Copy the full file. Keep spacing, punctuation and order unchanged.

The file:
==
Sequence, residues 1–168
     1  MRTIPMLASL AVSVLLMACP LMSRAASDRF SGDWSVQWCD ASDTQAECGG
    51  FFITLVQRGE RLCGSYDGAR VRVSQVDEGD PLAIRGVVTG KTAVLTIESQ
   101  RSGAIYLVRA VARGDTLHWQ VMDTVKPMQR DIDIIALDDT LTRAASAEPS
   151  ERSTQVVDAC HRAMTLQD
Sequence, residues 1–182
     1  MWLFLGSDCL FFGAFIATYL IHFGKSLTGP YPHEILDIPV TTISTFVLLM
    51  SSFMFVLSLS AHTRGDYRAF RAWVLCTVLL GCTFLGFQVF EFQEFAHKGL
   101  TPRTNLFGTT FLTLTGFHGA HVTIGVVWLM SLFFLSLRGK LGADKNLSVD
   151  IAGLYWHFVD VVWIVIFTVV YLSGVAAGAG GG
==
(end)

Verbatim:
Sequence, residues 1–168
     1  MRTIPMLASL AVSVLLMACP LMSRAASDRF SGDWSVQWCD ASDTQAECGG
    51  FFITLVQRGE RLCGSYDGAR VRVSQVDEGD PLAIRGVVTG KTAVLTIESQ
   101  RSGAIYLVRA VARGDTLHWQ VMDTVKPMQR DIDIIALDDT LTRAASAEPS
   151  ERSTQVVDAC HRAMTLQD
Sequence, residues 1–182
     1  MWLFLGSDCL FFGAFIATYL IHFGKSLTGP YPHEILDIPV TTISTFVLLM
    51  SSFMFVLSLS AHTRGDYRAF RAWVLCTVLL GCTFLGFQVF EFQEFAHKGL
   101  TPRTNLFGTT FLTLTGFHGA HVTIGVVWLM SLFFLSLRGK LGADKNLSVD
   151  IAGLYWHFVD VVWIVIFTVV YLSGVAAGAG GG